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The New NORML: Looking Back at 40-Year Crusade to End Marijuana Prohibition

As long as any government can arbitrarily decide which drugs are legal and which aren't, then anyone behind bars for a nonviolent drug offense is a political prisoner.

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“While I hadn’t exactly snitched on Bourne,” Stroup admits, “my failure to protect him was a violation of the basic principle that most marijuana smokers live by, and that NORML had adopted as policy years earlier. It is never acceptable to rat on someone else, even to avoid a conviction or a jail term. The NORML Legal Committee had even adopted a policy not to represent anyone who wanted to get off by snitching – by testifying against another person.”

The story became a national scandal, and Stroup realized that the time had come for him to resign from NORML. He could never have predicted that in 1994 he would be invited to serve another decade as executive director.

Flash forward to February 2013. At NORML’s annual meeting, the board of directors elected Norm Kent as their new chairperson. He joined NORML as a college senior in 1971, and is now a criminal defense attorney based in Ft. Lauderdale, handling First Amendment, constitutional rights and media law cases. A pioneer in medical-necessity defenses for marijuana users, he has represented patients, growers and buyer's clubs throughout Florida for over 30 years. Author of The Pot Warriors Manifesto, he is a cancer survivor who credits marijuana with ameliorating the harsh nature of chemotherapy treatments.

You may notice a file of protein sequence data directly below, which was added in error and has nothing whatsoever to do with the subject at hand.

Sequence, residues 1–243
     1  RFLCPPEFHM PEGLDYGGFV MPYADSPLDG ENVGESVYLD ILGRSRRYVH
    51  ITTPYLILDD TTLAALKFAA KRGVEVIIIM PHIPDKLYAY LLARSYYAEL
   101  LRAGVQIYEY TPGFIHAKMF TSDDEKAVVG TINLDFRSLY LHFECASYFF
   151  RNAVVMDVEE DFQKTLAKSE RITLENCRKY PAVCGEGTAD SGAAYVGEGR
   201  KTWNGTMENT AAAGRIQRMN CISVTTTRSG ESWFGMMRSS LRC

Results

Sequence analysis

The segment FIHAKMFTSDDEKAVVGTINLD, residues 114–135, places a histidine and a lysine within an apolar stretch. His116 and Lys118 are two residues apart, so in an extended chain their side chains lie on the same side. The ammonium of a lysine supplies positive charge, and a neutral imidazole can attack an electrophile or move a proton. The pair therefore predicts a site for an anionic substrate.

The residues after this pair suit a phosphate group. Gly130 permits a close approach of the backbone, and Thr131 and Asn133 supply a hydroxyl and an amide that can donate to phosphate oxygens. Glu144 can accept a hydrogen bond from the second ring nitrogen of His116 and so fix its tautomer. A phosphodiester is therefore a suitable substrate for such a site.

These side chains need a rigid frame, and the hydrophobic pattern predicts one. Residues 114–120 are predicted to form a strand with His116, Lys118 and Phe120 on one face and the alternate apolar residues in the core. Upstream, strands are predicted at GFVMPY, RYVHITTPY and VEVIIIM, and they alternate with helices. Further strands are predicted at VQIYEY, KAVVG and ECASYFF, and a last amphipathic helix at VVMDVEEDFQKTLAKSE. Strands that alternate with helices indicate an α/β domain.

In 1982, he sued the state of Florida to stop the deadly herbicide paraquat from being sprayed on marijuana fields. We were living in a society where children were being taught that it was wrong to put cyanide in Extra-Strength Tylenol, yet acceptable to spray paraquat on marijuana crops.

My position is that as long as any government can arbitrarily decide which drugs are legal and which are illegal, then anyone behind bars for a nonviolent drug offense is a political prisoner.  Personally, I owe my longevity to never taking any legal drugs. (Although, I did take an aspirin last month. I didn’t have a headache or anything; I was just at a party, and the host was passing around a plate full of aspirins. It was a kind of social ingestion. You know, peer pressure.)

The Partnership for a Drug-Free America was originally founded and funded by the pharmaceutical, tobacco and alcohol industries. They produced classic “public service” TV commercials such as the one with a young woman frying a pair of eggs, sunny-side up, with the message, “This is your brain on drugs.” Of course, I perceived that imagery as merely a fine example of having the good old post-tokey munchies.

That hypocritical anti-marijuana campaign originally inspired my anthology, Pot Stories For the Soul: An Updated Edition for a Stoned America (available at paulkrassner.com), to counteract the negative propaganda with a variety of true tales. When it was first published in 1995, lawyers for the Chicken Soup For the Soul franchise demanded that my publisher “cease and desist” the use of my title. Apparently, although theologians and scientists agree that the soul cannot be located, it can be copyrighted.

Read more of Paul Krassner at PaulKrassner.com

 
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